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Op-Ed: I don’t like ‘Gone With the Wind,’ but I hate to see Hattie McDaniel canceled

Hattie McDaniel, left, gets an Oscar in 1940 from Fay Bainter.
(Associated Press)

By popular demand, monuments to the Confederacy have been tumbling down. Since 2015, around 110 statues have been removed, with roughly another 1700 to go.

The worldwide protest of George Floyd’s killing by a Minneapolis police officer has sped the pace. From Mobile, Ala., to Antwerp, Belgium, symbols of white supremacy are taking a nosedive. And I couldn’t be more thrilled. Until now.

WarnerMedia has removed“Gone With the Wind” from its new streaming platform, HBO Max. AFI ranked the film No. 6 among the 100 Best Movies of All Time. The 1939 David O. Selznick-produced film not only won a bunch of Oscars, it also led to the first Academy Award for an African American actor, Hattie McDaniel. She played Mammy, a stereotypical maid role common to her era.

The shelving of “GWTW” at the urging of another Academy Award winner, director and screenwriter John Ridley (“12 Years a Slave”), is happening for good reason: “It doesn’t just ‘fall short’ with regard to representation,” he pointed out in an op-ed in this newspaper. “When it is not ignoring the horrors of slavery, [“Gone With the Wind”] pauses only to perpetuate some of the most painful stereotypes of people of color.”

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I’ve sat through “GWTW” exactly once as research for a historical novel in which McDaniel is a character. I don’t like the film either. At the same time, it is sad to see the actress get canceled along with the movie. She endured so many trials to stand, briefly, in the spotlight.

Shortly after winning her Academy Award in 1940, McDaniel found herself under attack: The head of the NAACP, Walter Francis White, came after her and the roles she and her contemporaries played. Already fighting segregation in education, housing and the military, he used his connections as a prominent civil rights leader to try to pressure Hollywood to portray Blacks in all kinds of roles, not just menial ones.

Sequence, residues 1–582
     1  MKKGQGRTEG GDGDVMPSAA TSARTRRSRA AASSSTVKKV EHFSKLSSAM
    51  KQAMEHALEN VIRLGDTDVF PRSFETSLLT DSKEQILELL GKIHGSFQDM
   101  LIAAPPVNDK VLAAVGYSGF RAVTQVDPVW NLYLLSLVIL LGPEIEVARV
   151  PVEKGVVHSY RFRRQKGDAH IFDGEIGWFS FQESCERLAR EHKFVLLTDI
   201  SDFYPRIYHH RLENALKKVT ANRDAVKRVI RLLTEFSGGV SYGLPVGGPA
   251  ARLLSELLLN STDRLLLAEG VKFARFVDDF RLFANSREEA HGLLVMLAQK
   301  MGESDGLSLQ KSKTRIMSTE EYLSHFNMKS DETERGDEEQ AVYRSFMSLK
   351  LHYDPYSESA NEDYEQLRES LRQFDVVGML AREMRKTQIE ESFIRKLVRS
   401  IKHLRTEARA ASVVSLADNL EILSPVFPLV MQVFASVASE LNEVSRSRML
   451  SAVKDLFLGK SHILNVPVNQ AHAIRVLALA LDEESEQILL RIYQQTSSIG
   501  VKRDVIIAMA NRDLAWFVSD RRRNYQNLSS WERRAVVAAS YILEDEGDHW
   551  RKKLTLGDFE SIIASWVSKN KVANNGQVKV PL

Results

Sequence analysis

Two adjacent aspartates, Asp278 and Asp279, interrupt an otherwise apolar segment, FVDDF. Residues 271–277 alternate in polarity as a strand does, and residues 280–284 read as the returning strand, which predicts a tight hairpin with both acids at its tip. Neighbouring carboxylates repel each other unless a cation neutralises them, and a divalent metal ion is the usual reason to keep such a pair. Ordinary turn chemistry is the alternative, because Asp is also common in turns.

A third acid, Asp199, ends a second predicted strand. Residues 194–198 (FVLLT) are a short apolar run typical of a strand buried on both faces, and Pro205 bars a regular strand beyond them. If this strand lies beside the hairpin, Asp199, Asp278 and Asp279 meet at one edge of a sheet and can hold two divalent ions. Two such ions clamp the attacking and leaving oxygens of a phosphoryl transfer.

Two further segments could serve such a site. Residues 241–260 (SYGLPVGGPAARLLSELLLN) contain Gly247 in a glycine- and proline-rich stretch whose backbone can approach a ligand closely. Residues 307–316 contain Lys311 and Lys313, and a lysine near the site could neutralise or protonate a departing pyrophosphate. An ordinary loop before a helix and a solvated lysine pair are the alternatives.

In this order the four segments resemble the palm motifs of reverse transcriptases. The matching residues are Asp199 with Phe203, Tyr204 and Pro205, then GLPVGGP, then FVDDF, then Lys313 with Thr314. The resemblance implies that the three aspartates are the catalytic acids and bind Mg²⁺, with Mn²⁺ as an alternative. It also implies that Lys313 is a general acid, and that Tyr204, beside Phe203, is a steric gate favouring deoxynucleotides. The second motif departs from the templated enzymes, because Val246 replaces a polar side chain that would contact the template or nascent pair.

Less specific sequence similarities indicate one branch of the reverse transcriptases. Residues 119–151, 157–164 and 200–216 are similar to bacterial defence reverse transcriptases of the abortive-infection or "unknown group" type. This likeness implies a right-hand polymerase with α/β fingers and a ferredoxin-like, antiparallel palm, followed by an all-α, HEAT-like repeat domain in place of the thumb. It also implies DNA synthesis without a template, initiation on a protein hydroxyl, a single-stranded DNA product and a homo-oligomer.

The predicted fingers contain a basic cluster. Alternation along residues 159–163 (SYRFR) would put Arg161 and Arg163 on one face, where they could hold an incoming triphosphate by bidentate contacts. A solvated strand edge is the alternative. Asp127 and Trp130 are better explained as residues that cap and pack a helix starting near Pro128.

White helped negotiate Lena Horne’s seven-picture deal with MGM in 1942. His bent was toward actors like the newcomer whom he considered more attractive and sophisticated than McDaniel. And yet the studios tended to ignored Horne’s acting ability and focus on her singing. Portraying Blacks mainly as the entertainment in a story is itself stereotyping. When Horne wasn’t in musicals such as “Stormy Weather” or “Cabin in the Sky,” she was typically filmed singing off to the side of the action, making it easier to cut her scenes in the South.

White, who was based in New York, continued to visit Los Angeles to rub elbows with producers, and discourage them from making more films with the servile roles McDaniel played. The actress knew it was happening. One of her biographers said she reacted as if White were trying to “grab the bread right out of her mouth.”

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McDaniel bravely chose to pursue her passion in a time when the default for Black women was domestic work. She grew up the youngest of 13 in a talented family. Her father traveled with her brothers in an act called Henry McDaniel and Sons. She and her siblings produced shows for Denver’s Black community. But her family was poor and struggled to get by.

Hattie went on to work as a featured act on the Pantages Circuit, and to write and record blues music in Chicago but then lost two major gigs to the Depression. She viewed Hollywood as her last resort. Joining three siblings in L.A., she found work in one of the few industries still prospering: the motion pictures. She booked small parts in the early 1930s, won the role of Queenie in “Show Boat” (1936), and then the pinnacle came when she landed “Gone with the Wind.”

It’s not a mystery why, in this racially charged moment, people would gather at the base of Hollywood’s multi-Oscar-winning, highest-grossing Confederate statue eager to yank it from its perch. But when I think of “Gone With the Wind,” I also think of all the years McDaniel invested in becoming an artist on her own terms. All the sacrifices. All the hope.

An HBO Max representative has said the film is not gone for good, that it will come back with “a discussion of its historical context and a denouncement of those [stereotypical] depictions.” That sounds fair enough, although the portrayal of Black womanhood in the movie causes me pain. So I’m Team Hattie, not Team “GWTW.”

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I especially love how, in the weeks after the film was released, McDaniel marched into Selznick’s office, showed him the good notices for her performance and asked, if he agreed with them, to put her name in the running for the best supporting actress Oscar.

That gutsy, well-timed move, and the results, are why she has been immortalized, and why I find her to be such a compelling figure. Her commitment to live as an artist, come what may, will always inspire me.

Writer and filmmaker Pamela K. Johnson is finishing her first novel, Hattie and Walter.” (@pamelasez)


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